Tim Pawlenty's early exit from the race for the Republican presidential nomination was as much of a surprise to the Minnesota governor's former adviser, Vin Weber, as it was to outside observers.
"I was surprised how quickly he left," Weber said during a talk at the University of Minnesota's Humphrey School of Public Affairs. "I was not part of that decision."
Pawlenty bowed out of the race on August 14 the day after a poor showing in the Iowa Straw Poll, saying his campaign had run out of money. Weber said it was a "fundamental and unfortunate error in strategy" to put all the campaign's hopes on the straw poll.
As the GOP field expanded to included Rep. Michele Bachmann and others, Pawlenty's somewhat more moderate ideology pushed him further and further to the middle, making it difficult for him to appeal to the conservative voters typically found in Iowa, Weber said.
"I think if Tim Pawlenty had been able to stay in the race he would have found that the argument he was making to Iowa, which was that he was the candidate that would unite the party and have the best chance of beating Barack Obama,...I think that our campaign would have had more resonance as you got closer to the vote."
Now Weber is working for former Massachusetts Gov. Mitt Romney. He gave a peek into the campaign.
Weber admitted that so far, Texas Gov. Rick Perry is the front-runner and will pose a challenge to Romney as a result.
The question, he said, "is that a solid position that's going to hold, or is he benefiting disproportionately from the 'new guy on the block' syndrome?"
The real message that Romney will have to deliver is one of electability - and stay slightly to the left of Perry during the nomination process as a result. The strategy will work if what drives Republican voters this year is the desire to beat Obama.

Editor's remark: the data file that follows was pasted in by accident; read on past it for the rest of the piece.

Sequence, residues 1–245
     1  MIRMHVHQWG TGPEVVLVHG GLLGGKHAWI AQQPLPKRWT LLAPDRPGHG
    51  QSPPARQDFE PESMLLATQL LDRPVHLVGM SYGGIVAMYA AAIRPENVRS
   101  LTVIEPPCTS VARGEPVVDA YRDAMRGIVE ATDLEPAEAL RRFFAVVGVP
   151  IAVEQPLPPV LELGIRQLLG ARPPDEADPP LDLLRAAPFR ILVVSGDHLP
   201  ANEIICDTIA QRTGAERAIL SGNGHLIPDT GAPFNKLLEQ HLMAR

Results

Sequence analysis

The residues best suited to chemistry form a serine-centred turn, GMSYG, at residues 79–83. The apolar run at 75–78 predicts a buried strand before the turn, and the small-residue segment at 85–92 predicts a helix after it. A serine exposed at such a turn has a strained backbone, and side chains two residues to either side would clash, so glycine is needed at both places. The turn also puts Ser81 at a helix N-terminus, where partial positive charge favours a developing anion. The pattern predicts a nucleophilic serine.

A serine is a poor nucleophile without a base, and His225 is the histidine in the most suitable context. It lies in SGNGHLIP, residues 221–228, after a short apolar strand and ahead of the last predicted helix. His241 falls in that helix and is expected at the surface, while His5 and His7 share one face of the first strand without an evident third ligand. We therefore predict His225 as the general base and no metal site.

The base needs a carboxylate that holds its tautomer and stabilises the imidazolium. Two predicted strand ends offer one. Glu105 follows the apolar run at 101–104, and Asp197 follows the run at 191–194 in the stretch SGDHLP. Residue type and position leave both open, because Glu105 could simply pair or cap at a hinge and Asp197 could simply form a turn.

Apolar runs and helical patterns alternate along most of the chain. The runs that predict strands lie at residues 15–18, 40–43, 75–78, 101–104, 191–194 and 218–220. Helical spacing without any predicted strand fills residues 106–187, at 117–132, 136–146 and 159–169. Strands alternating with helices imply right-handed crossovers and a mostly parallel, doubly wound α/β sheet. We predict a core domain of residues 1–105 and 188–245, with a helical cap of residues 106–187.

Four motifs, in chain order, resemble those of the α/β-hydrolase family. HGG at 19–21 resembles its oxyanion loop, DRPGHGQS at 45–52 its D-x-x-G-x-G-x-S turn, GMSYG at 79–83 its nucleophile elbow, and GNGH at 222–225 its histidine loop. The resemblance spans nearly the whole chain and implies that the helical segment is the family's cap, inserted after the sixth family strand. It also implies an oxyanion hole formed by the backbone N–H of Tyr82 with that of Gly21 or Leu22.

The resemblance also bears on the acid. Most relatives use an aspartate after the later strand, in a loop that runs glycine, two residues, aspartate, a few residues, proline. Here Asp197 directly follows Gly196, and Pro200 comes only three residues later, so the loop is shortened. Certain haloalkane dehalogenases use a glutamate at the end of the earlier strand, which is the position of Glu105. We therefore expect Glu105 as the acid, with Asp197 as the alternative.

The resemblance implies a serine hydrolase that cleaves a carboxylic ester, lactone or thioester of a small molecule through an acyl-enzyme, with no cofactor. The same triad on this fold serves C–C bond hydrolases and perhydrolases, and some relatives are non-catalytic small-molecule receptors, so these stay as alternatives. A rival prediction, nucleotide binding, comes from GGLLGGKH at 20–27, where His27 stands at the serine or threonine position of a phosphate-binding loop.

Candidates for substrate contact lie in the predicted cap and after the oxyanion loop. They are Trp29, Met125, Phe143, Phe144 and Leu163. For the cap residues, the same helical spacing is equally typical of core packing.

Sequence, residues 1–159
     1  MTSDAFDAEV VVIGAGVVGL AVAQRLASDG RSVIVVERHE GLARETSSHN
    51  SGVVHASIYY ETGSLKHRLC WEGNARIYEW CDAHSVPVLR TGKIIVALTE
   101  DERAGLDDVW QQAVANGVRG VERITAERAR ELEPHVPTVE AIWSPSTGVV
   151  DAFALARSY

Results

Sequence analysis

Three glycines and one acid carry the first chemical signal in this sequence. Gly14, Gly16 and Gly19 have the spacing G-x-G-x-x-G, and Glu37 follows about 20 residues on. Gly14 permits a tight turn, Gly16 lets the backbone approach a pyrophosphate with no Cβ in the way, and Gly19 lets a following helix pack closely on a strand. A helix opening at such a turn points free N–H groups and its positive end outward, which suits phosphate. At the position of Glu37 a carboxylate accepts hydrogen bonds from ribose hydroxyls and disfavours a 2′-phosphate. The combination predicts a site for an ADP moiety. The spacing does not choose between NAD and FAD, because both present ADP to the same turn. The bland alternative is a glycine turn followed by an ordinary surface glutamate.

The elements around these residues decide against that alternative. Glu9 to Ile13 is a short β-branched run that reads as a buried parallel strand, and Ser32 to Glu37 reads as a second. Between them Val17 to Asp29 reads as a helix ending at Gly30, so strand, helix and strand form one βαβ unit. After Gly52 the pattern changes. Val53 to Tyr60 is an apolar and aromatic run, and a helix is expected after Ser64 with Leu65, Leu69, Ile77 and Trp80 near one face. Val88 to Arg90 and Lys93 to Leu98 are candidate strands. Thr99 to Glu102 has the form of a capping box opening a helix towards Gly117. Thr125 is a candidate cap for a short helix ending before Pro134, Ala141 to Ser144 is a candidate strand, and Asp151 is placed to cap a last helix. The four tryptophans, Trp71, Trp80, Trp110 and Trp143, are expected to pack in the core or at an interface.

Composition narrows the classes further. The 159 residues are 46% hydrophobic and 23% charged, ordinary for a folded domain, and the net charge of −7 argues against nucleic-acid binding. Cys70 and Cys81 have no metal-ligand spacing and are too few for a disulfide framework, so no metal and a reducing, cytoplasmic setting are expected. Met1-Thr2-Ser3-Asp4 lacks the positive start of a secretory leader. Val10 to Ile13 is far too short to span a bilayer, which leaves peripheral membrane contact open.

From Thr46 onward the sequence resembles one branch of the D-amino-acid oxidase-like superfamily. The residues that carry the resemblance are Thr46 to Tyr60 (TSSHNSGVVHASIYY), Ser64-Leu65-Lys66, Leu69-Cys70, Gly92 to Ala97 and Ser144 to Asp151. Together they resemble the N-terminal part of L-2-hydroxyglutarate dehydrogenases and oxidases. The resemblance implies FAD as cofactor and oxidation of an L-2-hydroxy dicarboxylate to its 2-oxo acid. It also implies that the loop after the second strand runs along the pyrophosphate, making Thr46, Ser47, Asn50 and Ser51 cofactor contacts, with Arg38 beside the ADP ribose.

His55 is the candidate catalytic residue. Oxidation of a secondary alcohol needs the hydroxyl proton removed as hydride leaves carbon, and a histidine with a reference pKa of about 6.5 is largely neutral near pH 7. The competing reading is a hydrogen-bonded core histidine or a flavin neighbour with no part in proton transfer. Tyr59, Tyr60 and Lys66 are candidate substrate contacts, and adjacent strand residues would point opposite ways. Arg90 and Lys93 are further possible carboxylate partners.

Weber also talked about Romney's recent attack on Perry for calling Social Security a "Ponzi" scheme, saying that Republicans walk a fine line on the issue. On one hand, they don't want to alienate the older voters who make up a sizable portion of the party's electorate. At the same time, Republicans have long railed against government spending, but not entitlement reform.
Republicans "can't be in a position of maintaining [Social Security] as the untouchable third rail of politics" if it's ever going to be reformed, Weber said.
Weber dismissed the notion that Romney's Mormon religion will be trouble for him during the campaign. During the last election, Romney was doing well in Iowa until Mike Huckabee, former Arkansas governor and Baptist minister, came into the picture. Critics point to that dynamic as evidence Romney's religion will hurt him politically.
But Weber says he interpreted Huckabee's first place finish in the Iowa caucuses differently. Voters there were voting for a Baptist minister - someone like them - not against a Mormon.
Still, Romney's religion could be a challenge in the South, Weber said.
"That's not inconsequential," he said.